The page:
Arevon and Tenaska are proud to be developing the Ratts 1 Solar Project, located in Pike County, Indiana.
Here is a snapshot of the project:
150 megawatts (MW)
Pike County, Indiana. The power will be transmitted to the Hoosier Energy substation at Ratts-Victory interconnection point.
The project will have a footprint of approximately 1,200 acres of land to locate solar panel arrays, an operations and maintenance building, inverters and access roads.
$128 million direct investment
The project is expected to generate enough solar energy to power the average electricity consumption of approximately 28,000 Indiana homes each year.
Once constructed, the project has a 35-year useful life. After this time, it will be decommissioned in accordance with an agreed-upon decommissioning plan and bond.
Economic Development Study
A study conducted in June by Gnarly Tree Sustainability Institute, in collaboration with Dr. Kenneth Richards of Indiana University's O'Neill School of Public and Environmental Affairs, reported that the Ratts 1 project would bring broad economic benefits to Pike County, including:
Direct Construction Jobs
Employment of varying durations for approximately 350 people within the county, or the equivalent of 188 full-time, full-year jobs.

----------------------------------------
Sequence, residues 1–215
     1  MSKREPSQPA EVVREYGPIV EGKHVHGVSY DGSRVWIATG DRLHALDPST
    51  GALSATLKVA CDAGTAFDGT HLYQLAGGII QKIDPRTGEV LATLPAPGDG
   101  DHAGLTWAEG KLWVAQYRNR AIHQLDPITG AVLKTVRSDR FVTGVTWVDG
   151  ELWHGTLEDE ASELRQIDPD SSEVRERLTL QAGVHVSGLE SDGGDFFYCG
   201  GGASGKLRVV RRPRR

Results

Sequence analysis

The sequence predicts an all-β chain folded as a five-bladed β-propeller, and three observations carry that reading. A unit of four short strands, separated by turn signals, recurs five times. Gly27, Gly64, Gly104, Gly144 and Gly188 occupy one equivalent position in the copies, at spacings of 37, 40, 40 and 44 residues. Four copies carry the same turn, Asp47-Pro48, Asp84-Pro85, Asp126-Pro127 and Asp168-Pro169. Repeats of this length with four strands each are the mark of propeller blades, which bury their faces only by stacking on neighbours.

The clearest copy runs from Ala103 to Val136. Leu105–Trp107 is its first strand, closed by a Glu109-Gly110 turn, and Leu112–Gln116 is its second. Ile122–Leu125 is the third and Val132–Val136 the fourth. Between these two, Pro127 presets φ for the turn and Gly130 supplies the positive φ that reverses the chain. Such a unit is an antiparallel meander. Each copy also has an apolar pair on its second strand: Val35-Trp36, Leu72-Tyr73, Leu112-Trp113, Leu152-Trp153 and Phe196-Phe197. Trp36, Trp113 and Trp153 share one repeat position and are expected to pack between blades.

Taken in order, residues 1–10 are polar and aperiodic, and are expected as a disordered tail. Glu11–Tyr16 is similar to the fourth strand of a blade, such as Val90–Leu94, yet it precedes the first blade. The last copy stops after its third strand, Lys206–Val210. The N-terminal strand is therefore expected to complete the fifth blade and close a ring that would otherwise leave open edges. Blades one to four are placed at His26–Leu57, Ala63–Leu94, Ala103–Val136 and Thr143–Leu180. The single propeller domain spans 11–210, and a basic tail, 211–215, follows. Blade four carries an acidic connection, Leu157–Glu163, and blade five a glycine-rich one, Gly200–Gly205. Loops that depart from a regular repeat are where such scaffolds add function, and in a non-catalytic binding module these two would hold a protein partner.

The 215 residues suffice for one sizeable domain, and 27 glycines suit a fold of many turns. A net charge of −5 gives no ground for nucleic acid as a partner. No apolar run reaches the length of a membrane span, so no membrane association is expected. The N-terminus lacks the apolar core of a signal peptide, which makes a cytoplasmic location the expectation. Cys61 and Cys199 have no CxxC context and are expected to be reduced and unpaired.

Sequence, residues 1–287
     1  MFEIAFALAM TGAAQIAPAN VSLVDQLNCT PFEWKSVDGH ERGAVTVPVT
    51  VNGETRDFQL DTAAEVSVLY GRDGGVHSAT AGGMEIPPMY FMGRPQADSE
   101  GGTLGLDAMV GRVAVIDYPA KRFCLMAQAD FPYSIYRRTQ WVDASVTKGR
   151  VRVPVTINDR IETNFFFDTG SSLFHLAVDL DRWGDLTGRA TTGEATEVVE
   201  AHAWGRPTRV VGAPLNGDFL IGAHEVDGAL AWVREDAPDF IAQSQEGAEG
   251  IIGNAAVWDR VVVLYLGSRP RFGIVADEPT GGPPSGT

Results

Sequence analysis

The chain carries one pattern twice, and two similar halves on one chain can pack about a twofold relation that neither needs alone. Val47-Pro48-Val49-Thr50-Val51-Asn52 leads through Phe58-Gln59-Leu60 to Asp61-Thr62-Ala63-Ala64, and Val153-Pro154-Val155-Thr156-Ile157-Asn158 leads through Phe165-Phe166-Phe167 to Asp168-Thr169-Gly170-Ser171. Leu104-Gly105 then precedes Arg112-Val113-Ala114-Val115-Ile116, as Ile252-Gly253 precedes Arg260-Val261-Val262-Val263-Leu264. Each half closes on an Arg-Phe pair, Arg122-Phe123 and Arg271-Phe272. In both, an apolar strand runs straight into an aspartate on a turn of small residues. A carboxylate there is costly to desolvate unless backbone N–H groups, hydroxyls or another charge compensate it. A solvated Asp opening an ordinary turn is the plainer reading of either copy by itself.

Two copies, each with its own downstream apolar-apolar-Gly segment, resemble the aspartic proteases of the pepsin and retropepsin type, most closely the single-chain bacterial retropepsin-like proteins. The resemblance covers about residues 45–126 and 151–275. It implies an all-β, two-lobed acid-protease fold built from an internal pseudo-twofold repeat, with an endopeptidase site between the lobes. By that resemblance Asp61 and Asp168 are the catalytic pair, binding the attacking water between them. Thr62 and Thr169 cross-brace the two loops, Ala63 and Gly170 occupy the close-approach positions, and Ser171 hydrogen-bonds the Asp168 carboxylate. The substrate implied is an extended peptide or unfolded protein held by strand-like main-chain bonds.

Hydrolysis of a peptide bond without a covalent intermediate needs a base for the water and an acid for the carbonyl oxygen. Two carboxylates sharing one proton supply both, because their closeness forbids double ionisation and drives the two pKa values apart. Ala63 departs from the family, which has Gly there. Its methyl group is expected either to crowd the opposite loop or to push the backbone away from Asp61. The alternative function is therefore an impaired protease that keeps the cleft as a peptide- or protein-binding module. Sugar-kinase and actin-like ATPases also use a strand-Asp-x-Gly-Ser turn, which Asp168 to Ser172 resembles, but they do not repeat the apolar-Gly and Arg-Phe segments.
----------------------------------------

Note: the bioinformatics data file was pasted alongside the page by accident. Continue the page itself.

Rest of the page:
Direct Operations Jobs
Full-time employment for four workers overseeing operations and maintenance for the expected 35-year project life.
Local Goods and Services
Annual expenditures on goods and services in excess of $350,000 per year for 35 years.
Gross Domestic Product
Contribution of $19.3 million to Pike County GDP during construction with an additional $800,000 per year during operations.
Additional jobs and spending as an indirect outcome of economic activities created by the project.
Generates property and sales tax revenue for schools, first responders and other local needs
Compensates landowners for land use providing stable income source for over 35 years
Contracts with local businesses and services
Does not place heavy burden on government-supported services like schools and roads
Results in secondary economic activity for local restaurants, hotels and other retail and wholesale businesses
Does not need external fuel inputs, reducing transportation risks and increasing reliability
Will help Indiana meet its power needs
Produces zero-emissions power that does not contribute to local pollution or global climate change
Generates power with no noise or smell
Will help Indiana meet its clean energy and climate goals
The team will produce an initial engineering layout and environmental review for the project and seek the required local approvals needed to move the project forward.
Engineering and Permitting